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No radiation detected by monitors

Health: Air-quality officials report no signs of fallout on West Coast

Posted: March 18, 2011 1:55 a.m.
Updated: March 18, 2011 1:55 a.m.
 

The U.S. government and scientists insist that there’s no threat of radiation from Japan endangering people on the West Coast — but that hasn’t stopped roughly 1,000 worried Californians from flooding a state hotline.

Complicating the matter in Los Angeles County is a fraudulent e-mail warning residents that radioactive particles released from the Fukushima Nuclear Plant in Japan could mix with rain and “cause burns, alopecia or even cancer.”

The e-mail bears a County of Los Angeles Fire Department logo and theheading “Acid Rain Precautions,” according to a Fire Department statement released Thursday.

“The County of Los Angeles Fire Department has not issued this statement, nor do we believe the statements within the e-mail to be factual,” Public Affairs Battalion Chief Jon O’Brien said in the statement.

County officials recommend seeking information about the Japanese nuclear plant’s impact from a reputable agency.

Los Angeles County Public Health Director Dr. Jonathan Fielding said reputation is “one of those words that get everybody scared, like ‘plague.’”

“But we’re 5,000 miles away,” Fielding said.

Some computer models tracking the possible path of radioactive material from the stricken Japan nuclear reactors suggest it could cross the Pacific, swipe the Aleutian Islands and reach Southern California as early as Friday.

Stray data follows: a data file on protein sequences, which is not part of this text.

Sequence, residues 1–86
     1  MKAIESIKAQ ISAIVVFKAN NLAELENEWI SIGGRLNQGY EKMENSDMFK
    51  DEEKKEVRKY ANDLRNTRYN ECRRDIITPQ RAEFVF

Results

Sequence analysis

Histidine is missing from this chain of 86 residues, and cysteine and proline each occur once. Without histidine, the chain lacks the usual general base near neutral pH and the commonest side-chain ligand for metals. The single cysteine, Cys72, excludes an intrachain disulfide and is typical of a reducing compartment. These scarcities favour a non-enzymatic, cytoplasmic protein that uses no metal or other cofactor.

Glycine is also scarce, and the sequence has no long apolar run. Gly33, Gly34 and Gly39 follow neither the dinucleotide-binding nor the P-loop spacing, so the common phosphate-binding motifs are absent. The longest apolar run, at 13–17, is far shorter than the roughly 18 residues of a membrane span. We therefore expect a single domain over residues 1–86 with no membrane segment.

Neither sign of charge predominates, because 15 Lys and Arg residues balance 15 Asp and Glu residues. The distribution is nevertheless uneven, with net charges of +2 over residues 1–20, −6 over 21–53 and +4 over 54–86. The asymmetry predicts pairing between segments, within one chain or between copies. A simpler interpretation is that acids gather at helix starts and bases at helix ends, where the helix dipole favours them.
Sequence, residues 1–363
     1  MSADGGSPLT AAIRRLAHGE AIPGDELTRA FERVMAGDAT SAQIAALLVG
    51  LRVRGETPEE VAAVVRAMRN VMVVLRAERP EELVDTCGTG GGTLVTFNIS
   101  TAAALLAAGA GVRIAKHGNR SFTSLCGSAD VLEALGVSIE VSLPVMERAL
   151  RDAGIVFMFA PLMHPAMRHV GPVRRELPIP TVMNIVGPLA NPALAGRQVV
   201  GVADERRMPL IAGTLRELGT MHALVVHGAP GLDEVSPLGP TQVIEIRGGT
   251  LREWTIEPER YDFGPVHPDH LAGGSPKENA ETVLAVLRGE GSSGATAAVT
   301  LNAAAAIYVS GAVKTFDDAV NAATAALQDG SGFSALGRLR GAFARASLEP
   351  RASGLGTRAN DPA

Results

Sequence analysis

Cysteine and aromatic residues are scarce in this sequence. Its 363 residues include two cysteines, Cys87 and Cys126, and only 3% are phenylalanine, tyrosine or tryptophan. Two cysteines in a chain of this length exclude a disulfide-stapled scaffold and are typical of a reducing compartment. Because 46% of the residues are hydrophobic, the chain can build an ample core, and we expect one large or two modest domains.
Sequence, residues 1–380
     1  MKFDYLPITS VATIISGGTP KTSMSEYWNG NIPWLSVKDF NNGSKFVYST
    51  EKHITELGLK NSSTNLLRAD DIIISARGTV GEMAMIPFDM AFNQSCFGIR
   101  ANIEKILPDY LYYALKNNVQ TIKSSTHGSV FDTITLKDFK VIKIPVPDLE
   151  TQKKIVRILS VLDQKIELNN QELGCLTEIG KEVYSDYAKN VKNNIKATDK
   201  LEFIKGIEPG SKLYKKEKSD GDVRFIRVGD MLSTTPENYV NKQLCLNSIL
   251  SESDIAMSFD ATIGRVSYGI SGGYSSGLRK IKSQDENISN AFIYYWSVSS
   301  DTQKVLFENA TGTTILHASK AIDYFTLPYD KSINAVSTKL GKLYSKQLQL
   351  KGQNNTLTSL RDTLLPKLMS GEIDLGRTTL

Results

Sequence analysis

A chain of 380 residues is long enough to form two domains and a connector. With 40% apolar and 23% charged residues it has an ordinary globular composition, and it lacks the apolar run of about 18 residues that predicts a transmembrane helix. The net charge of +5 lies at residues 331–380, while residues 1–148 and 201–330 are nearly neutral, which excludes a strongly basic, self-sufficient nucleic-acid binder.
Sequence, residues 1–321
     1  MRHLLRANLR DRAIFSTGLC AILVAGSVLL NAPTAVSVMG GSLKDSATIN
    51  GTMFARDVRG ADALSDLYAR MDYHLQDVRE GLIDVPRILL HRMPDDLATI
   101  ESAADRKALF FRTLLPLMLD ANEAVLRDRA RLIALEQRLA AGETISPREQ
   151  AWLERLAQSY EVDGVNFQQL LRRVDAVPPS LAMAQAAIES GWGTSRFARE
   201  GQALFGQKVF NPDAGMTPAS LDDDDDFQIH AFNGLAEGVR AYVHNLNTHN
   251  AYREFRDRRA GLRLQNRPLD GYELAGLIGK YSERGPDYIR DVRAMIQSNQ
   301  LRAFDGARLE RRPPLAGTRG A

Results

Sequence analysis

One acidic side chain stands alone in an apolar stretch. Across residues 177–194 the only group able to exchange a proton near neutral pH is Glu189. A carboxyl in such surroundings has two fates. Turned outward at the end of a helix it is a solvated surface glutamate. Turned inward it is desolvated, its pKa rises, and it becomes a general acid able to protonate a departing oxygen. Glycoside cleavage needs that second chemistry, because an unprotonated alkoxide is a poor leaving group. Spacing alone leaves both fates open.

Even if particles waft to the U.S. coast, the amount will be so diluted that it will not pose any health risk. Wind, rain and salt spray will help clean the air over the vast ocean between Japan and the United States.

Nuclear experts say the main elements released are radioactive cesium and iodine. They can combine with the salt in sea water to become cesium chloride and sodium iodide, which are common and abundant elements and would readily dilute in the wide expanse of the Pacific, according to Steven Reese, director of the Radiation Center at Oregon State.

“It is certainly not a threat in terms of human health” added William H. Miller, a professor of nuclear engineering at the University of Missouri.

Earlier this week, the U.S. Environmental Protection Agency deployed extra radiation detectors throughout the country to allay public concerns. On Thursday, President Barack Obama said “harmful levels” of radiation from the damaged Japanese nuclear plant are not expected to reach the U.S.

The radiation stations will send real time data via satellite to EPA officials, who will make the data available to the public online. The monitors also contain two types of air filters that detect any radioactive particles and are mailed to EPA’s data center in Alabama.

That information, as well as samples that numerous federal agencies are collecting on the ground and in the air in Japan, also will be sent to the Department of Energy’s atmospheric radioactivity monitoring center in California, where teams are creating sophisticated computer models to predict how radioactive releases at Fukushima could spread into the atmosphere.

Inside Lawrence Livermore National Laboratory near San Francisco, scientists, engineers, and meteorological experts were analyzing those charts and maps to help policymakers predict where radioactive isotopes could travel.

“The models show what happens if the situation gets worse, if the winds change, or if it rains to predict what could happen,” National Nuclear Security Administration spokesman Damien LaVera said. “The Nuclear Regulatory Commission has said they see no radiation at harmful levels reaching the United States, and we’re not seeing anything that is inconsistent with that.”

An arm of the United Nations earlier this week made a forecast of the possible trajectory of the radioactive fallout from Japan. The forecast only showed how it might move, but does not have information about radiation levels.

On Thursday, air quality regulators in Southern California said they have not detected increased levels of radiation.

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